Living Vegan In Charlotte, NC – Easy Vegan Recipes – Vegan Restaurant, Product, and Cookbook Reviews

Really, Red Robin?

red royalty card

My Red Royalty Card

It is so disappointing when a restaurant you think “gets it” … doesn’t.

Of course I’m talking about Red Robin.  For a chain of its type, Red Robin seemed like it was really making an effort to reach out to people on a plant-based diet.

A Gardenburger for vegetarians, a Boca burger for vegans.

Two choices of bun (whole grain and sesame) that are completely vegan – including the mono- and diglycerides and sodium steroyl-3 lactylate.

Fries cooked in vegetable oil in a fryer reserved exclusively for fries.

A willingness to make substitutions and modify your veggie burger any way you want.

I’ll be honest, I wish they had a house-made vegan burger patty instead of Boca.

But still, it’s a great thing to be able to go to a chain restaurant with your friends … or your coworkers … and get a decent vegan meal.

And then … the commercial.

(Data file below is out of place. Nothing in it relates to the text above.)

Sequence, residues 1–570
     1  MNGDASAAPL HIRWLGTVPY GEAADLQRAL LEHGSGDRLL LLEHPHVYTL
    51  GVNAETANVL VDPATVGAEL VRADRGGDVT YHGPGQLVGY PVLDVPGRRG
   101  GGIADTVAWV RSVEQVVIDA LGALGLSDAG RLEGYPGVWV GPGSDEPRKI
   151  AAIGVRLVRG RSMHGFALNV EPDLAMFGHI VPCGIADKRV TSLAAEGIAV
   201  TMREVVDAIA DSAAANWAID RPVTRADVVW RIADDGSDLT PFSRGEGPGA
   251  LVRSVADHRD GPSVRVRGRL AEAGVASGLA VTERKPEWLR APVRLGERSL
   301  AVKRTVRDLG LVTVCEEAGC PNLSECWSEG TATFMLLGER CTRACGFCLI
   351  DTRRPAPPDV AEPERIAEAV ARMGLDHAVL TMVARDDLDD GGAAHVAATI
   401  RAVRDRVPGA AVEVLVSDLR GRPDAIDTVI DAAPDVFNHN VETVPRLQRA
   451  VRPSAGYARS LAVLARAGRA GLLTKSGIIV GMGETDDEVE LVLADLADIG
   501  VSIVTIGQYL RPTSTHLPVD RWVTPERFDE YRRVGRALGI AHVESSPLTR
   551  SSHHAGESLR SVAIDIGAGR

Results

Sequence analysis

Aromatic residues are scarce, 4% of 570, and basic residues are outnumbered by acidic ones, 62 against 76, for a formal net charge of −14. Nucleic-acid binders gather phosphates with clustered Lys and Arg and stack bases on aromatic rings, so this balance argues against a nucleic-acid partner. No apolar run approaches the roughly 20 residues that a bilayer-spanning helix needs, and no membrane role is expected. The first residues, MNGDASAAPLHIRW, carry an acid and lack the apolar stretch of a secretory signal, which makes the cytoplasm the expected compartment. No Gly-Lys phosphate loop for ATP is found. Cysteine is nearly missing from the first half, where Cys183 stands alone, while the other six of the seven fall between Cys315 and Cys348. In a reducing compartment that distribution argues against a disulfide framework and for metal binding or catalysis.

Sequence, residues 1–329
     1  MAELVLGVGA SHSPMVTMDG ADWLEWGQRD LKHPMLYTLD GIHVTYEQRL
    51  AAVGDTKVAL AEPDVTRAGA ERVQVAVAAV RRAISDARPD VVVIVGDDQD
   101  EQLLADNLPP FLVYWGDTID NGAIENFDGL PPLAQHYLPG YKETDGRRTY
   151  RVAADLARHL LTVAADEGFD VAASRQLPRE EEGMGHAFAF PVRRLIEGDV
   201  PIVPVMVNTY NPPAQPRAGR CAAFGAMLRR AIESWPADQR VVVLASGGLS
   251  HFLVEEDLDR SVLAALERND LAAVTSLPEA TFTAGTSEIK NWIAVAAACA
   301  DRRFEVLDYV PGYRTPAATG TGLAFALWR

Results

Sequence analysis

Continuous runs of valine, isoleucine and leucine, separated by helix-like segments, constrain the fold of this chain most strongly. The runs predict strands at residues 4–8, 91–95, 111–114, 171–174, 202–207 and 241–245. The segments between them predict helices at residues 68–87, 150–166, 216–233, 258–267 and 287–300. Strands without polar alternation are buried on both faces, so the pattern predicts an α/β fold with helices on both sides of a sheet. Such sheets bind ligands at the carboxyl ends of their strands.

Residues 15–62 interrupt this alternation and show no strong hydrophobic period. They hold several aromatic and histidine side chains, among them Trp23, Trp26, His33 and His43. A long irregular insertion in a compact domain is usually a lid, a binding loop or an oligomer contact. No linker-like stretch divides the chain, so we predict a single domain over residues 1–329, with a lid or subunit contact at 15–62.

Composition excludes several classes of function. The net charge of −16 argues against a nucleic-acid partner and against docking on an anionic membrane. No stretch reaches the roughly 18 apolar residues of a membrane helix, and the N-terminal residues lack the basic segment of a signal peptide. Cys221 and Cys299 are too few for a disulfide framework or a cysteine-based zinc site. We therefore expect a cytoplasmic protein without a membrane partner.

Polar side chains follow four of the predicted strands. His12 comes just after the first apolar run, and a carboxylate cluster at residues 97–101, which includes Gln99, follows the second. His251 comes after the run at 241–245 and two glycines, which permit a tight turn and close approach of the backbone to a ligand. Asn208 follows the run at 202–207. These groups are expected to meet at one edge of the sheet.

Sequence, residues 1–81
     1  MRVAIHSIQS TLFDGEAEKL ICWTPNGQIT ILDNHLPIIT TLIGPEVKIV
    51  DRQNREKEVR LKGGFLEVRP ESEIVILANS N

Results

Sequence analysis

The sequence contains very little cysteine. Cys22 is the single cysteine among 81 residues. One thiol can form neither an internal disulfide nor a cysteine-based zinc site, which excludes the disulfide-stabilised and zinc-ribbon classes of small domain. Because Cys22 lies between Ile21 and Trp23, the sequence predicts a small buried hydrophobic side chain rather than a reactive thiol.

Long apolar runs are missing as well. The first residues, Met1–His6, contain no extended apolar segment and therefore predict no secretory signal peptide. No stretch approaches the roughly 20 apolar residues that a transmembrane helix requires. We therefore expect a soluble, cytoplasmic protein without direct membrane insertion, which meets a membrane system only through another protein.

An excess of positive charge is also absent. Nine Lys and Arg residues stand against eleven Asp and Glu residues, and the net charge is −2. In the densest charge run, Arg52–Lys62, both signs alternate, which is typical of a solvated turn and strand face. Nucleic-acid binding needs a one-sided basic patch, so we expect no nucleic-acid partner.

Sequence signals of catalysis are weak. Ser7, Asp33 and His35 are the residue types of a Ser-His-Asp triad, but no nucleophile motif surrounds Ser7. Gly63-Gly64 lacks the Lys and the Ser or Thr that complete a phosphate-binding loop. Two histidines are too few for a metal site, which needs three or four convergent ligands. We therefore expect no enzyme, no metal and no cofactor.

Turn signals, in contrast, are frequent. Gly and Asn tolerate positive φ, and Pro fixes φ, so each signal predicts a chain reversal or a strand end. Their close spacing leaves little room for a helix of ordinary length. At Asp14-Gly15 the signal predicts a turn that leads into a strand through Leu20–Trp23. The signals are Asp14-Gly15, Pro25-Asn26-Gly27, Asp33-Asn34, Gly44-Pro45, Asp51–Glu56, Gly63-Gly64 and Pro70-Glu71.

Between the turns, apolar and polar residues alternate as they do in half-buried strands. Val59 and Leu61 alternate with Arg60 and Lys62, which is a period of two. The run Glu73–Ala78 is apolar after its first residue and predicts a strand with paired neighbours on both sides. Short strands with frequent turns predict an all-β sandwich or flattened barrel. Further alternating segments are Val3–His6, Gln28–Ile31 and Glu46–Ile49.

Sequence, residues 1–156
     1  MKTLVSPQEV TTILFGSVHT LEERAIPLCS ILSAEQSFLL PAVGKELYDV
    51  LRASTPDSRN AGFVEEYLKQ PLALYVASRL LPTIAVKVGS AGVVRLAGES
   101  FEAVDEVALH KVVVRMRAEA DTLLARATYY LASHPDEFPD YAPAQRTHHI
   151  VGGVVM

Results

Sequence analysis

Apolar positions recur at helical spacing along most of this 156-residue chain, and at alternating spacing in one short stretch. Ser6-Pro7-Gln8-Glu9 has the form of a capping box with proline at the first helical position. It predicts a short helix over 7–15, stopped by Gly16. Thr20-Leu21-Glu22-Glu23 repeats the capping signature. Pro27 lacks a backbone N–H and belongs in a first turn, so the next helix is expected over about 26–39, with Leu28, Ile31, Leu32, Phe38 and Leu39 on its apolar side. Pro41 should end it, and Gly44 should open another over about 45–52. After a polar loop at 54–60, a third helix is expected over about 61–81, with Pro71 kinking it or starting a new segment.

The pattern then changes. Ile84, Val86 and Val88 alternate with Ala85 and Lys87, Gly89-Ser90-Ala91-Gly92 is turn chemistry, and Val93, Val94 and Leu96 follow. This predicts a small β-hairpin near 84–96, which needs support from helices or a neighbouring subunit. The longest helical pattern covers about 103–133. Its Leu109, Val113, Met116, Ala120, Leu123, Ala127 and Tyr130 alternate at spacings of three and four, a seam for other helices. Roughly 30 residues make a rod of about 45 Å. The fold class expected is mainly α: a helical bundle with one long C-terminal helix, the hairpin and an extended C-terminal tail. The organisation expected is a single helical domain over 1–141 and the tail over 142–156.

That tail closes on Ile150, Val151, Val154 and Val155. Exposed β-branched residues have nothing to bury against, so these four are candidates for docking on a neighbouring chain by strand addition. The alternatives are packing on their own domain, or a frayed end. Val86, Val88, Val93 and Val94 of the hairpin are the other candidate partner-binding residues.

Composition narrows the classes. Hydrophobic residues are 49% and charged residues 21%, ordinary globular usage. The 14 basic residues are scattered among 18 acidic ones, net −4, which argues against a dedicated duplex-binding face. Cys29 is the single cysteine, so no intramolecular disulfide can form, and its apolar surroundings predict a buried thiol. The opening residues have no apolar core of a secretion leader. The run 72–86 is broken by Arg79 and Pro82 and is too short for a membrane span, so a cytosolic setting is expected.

You know the one I’m talking about.

The one with the Red Robin waitress sneering, “We even have a Gardenburger … just in case your teenage daughter is going through a phase.”

You can see the commercial on YouTube here.

There’s been a lot of uproar.  Many vegetarians and vegans were understandably offended.

I was offended.  I’m not a teenage girl.  In fact, I’m old enough to be the mother of a teenage girl.  And I’ve been veg for almost 14 years now.  That’s one hell of a long “phase”.

And Red Robin may be surprised to learn many vegetarians and vegans are not female at all!  Does anyone mistake Mike Tyson for a teenage girl?  Ozzy Osbourne?  Carl Lewis?  Russell Brand?  Even, my bearded Punjabi partner?

Another teenage girl going through a phase

Another teenage girl going through a phase

Many omnivores, and even some prominent vegan bloggers, suggested we veggie people need to get a sense of humor.

I disagree.  I have a sense of humor, and so do most of the vegetarians/vegans I know.  (OK, I admit there are a few of us who spend way too much time watching Earthlings.)

The problem is, that commercial just wasn’t funny.